Seth Godin has issued a "Your Turn" Challenge to blog for 7 straight days. It's a thing. I'm not participating, directly, but I do feel compelled to try to blog more frequently.
One of the prompts Godin used was to write about something important- so here goes:
The short answer is “education,” my chosen profession. The more complex answer is educational design- how we set up and deliver instructional opportunities to modern learners.
One phrase that has hit me over the last year or so is this: “The design process begins with empathy for the end user.” Let’s see how that has played out in the world of education
- No Child Left Behind (NCLB) was not designed with empathy for students (the end users).
- The Standardized Testing craze, built on the foundation of accountability, was not designed with empathy for students.
- The Common Core (or anything that would replace it) was not designed with empathy for students.
- The practice of assigning young people into grades based on their chronological age was not developed out of empathy for students.
- The practice of separating subjects into neatly isolated silos was not developed out of empathy for students.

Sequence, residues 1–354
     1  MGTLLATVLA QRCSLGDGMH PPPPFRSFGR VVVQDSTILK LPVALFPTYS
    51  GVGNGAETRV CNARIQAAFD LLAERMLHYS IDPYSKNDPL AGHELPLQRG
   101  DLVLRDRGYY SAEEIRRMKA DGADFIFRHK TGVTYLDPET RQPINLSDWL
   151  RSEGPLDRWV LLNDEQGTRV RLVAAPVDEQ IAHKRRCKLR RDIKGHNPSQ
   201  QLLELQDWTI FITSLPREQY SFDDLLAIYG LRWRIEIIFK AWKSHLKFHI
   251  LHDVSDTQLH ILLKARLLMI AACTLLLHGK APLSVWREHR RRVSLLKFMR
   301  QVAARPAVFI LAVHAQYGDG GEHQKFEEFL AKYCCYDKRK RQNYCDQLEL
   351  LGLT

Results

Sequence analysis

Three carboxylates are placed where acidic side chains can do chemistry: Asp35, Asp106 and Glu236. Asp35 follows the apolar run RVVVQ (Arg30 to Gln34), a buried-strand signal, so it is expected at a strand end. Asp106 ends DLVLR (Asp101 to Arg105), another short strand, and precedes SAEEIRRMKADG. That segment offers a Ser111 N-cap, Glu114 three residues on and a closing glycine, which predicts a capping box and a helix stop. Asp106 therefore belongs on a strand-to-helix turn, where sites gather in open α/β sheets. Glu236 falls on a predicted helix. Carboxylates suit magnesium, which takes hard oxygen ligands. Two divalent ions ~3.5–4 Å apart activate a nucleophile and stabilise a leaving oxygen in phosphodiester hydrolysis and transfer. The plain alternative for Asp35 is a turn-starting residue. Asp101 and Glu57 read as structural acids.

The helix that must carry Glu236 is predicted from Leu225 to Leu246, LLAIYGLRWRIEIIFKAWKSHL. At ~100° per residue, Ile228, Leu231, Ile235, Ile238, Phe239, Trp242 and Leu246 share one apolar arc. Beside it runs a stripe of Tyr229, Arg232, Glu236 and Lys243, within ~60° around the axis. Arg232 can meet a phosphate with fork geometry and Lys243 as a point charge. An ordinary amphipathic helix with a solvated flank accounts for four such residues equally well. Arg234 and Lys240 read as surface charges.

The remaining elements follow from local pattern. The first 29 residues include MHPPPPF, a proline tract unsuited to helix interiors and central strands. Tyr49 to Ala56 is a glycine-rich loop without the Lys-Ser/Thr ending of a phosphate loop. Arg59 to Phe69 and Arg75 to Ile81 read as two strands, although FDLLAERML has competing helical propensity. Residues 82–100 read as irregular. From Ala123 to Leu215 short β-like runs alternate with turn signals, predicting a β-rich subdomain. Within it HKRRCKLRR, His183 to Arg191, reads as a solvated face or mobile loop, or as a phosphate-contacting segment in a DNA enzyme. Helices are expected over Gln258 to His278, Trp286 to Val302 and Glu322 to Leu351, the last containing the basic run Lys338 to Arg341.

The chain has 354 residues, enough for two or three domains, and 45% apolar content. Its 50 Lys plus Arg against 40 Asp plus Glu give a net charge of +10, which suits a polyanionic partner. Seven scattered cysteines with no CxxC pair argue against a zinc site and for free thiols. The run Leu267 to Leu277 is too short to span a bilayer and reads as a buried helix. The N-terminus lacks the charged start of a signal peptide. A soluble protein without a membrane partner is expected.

- Grading and assessment models that value sorting and selecting over teaching and learning were not developed out of empathy for students
In some of these areas, it’s hard to see how I can do much more than ‘joust at the windmills’ of fighting against legislators who aren’t listening. However, a lack of progress on that front doesn’t mean all is lost. Some of these things are within the control of local schools.
I love the way that Warren Berger uses questioning techniques to drive innovation and thinking. The seemingly simple opening of “How might we….” is actually very powerful.
We can decide how to group and re-group students throughout the day, how we integrate various subjects together, whether or not we continue to promote the arts, and whether or not we implement innovative programs like the Maker Movement, coding, problem based learning, or Reader’s and Writer’s Workshop.
The key is to focus less on “Why don’t THEY…,” and more on “How might WE…”